Captain Stingaree appears from time to time.  His next appearance came about 6 months later, in the pages of Secret Society of Super-Villains.  But his brothers never return, and without them, Stingaree is just a pirate-themed villain.

Detective 461 – Captain Stingaree, part 2, and Tim Trench ends

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While the Batman story in Detective 461 (July 1976) is not bad, there simply isn’t much to this middle chapter in the Bob Rozakins/Mike Uslan/Ernie Chan/Frank McLaughlin saga.

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With no explanation about the captured Batman from the end of last issue, this story again has Stingaree’s men luring Batman into a trap.  Batman and Stingaree fight.  There is a space of time between Batman being defeated, and Stingaree approaching his body.

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And another unmasking, and again, it’s not Bruce Wayne.

The story concludes next issue.

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Tim Trench gets his second, and final, case in this story by Denny O’Neil, Pablo Marcos and Al Milgrom.

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It’s another story straight out of a film noir, with Tim being asked to guard some money, and winding up with a corpse on his hands.

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There’s some creativity with the violence in this one, but otherwise, it just feels old and characterless.

While Tim Trench would never again get a series, he would make rare appearances over the years.  He next pops up during Mark Millar’s run on Swamp Thing in the 90s.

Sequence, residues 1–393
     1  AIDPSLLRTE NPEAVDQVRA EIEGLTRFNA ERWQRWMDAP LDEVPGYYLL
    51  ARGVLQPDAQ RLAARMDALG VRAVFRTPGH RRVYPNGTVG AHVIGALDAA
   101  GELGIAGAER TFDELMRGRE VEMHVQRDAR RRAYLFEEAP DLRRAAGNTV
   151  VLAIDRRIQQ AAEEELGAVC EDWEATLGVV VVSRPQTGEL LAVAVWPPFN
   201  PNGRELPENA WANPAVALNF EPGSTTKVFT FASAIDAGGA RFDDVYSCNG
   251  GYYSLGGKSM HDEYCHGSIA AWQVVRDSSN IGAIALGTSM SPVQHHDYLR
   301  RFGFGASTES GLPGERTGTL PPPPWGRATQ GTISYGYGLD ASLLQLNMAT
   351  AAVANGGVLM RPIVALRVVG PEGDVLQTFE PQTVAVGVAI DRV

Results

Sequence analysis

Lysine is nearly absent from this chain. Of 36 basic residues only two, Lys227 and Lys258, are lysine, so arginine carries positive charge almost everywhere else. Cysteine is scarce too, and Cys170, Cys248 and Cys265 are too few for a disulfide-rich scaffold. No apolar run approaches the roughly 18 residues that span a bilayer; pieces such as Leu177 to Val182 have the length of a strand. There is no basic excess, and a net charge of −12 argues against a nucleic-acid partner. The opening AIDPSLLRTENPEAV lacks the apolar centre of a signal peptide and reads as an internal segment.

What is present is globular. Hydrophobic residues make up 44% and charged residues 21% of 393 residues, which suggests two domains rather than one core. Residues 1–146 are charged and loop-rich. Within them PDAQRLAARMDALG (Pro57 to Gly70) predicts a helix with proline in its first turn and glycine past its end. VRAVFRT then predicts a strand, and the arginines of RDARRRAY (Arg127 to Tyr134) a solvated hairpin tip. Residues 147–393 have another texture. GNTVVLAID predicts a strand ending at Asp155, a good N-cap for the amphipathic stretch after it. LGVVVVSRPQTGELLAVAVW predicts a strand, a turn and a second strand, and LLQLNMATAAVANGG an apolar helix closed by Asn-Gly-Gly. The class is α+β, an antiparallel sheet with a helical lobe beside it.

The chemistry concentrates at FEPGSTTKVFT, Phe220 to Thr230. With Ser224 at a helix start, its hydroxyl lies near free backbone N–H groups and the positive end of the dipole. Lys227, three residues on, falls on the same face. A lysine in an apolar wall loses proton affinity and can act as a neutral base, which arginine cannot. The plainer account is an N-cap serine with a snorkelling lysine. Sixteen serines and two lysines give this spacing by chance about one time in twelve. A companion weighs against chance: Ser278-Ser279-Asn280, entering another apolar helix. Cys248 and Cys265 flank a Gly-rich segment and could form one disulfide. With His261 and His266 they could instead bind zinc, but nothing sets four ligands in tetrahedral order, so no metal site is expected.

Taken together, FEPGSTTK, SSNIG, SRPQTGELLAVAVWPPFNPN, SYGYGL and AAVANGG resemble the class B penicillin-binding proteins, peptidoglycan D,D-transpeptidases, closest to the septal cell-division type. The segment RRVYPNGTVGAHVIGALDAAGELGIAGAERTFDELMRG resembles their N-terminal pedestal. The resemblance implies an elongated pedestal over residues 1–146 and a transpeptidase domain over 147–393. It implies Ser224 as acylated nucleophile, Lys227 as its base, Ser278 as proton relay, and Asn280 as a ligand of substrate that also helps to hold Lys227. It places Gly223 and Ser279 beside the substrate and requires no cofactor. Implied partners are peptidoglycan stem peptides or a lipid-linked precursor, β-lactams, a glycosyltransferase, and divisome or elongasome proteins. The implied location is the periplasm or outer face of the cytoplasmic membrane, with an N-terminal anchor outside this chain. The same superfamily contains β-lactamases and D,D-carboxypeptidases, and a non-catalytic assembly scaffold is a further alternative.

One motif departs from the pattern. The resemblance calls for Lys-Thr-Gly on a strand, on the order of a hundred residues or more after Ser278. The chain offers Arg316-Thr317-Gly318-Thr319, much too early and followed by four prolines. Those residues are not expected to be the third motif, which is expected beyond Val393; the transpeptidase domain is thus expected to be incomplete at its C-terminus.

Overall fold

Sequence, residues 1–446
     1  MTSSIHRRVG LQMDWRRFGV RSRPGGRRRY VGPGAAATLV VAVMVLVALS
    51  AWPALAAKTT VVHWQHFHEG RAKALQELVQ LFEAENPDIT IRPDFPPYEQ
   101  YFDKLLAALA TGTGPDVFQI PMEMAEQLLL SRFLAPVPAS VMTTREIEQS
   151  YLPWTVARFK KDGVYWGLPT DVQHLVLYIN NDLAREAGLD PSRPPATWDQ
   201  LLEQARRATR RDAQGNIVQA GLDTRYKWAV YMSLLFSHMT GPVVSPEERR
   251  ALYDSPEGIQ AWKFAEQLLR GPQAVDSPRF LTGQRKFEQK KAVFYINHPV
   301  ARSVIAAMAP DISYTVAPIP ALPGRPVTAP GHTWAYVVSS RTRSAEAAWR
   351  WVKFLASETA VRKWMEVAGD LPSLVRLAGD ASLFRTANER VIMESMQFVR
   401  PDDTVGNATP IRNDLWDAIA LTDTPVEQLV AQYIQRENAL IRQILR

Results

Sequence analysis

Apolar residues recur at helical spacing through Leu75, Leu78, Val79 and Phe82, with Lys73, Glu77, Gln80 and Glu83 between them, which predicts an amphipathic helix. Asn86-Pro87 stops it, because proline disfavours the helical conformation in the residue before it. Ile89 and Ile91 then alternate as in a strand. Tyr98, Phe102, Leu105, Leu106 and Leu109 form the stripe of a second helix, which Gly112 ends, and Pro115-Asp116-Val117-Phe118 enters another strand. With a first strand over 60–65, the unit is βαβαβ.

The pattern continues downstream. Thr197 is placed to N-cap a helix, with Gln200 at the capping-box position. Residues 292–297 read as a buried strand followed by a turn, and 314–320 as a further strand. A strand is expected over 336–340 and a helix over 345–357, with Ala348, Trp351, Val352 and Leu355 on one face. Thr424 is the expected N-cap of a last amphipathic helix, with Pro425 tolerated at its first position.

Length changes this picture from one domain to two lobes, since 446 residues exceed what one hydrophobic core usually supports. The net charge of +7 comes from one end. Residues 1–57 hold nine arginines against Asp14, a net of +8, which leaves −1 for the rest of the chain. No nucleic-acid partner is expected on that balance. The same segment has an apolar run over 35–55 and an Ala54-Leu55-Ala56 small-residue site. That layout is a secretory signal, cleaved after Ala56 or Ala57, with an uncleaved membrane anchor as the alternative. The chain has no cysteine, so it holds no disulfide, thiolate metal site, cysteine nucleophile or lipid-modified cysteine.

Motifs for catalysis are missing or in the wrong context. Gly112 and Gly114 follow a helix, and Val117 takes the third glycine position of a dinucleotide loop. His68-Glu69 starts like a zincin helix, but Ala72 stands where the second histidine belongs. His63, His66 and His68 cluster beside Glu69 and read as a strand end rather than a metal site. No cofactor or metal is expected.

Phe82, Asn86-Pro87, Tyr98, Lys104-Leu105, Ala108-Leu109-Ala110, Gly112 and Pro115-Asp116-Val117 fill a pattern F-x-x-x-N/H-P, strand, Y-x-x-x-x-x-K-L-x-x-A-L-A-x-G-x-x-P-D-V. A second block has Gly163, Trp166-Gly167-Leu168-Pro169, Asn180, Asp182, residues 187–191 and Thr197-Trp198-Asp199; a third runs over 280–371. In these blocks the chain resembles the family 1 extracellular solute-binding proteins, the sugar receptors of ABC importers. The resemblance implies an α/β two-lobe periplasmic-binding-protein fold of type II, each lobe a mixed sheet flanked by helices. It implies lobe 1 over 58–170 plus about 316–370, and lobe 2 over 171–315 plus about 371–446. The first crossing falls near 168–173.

Detective 460 – Captain Stingaree and Tim Trench debut

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Captain Stingaree is introduced in an unusual three-part story, by Bob Rozakis and Michael Uslan, with art by Ernie Chan and Frank McLaughlin.

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Stingaree opens the trilogy by explaining, to a roomful of dummies, that Batman is really three men working together.  Since we readers know he is wrong, the roomful of dummies just helps emphasize how nutty he is.

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We, and Bruce Wayne, get to see the Captain in his civilian life as well.  He wears the same outfit, as he operates a club on a restored old pirate ship.

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Stingaree has a squad of hoodlums working for him, and they lure Batman.  Stingaree and Batman fight, both getting knocked out by sleeping gas.

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As the story ends, Stingaree revives, and binds the still sleeping Batman.  He unmasks him – and it’s not Bruce Wayne.

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Tim Trench, a minor supporting character from Wonder Woman a few years earlier, gets his own series with this issue, by Denny O’Neil, Pablo Marcos and Al Milgrom.

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Trench is operating out of St. Louis in this story, and seems far more down on his luck than he did a couple of years earlier.  The story is very film noir, with a shady dame and diamond.

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The story is tight, the clues are there.  But there really isn’t much to the detective.  Tim feels fairly generic.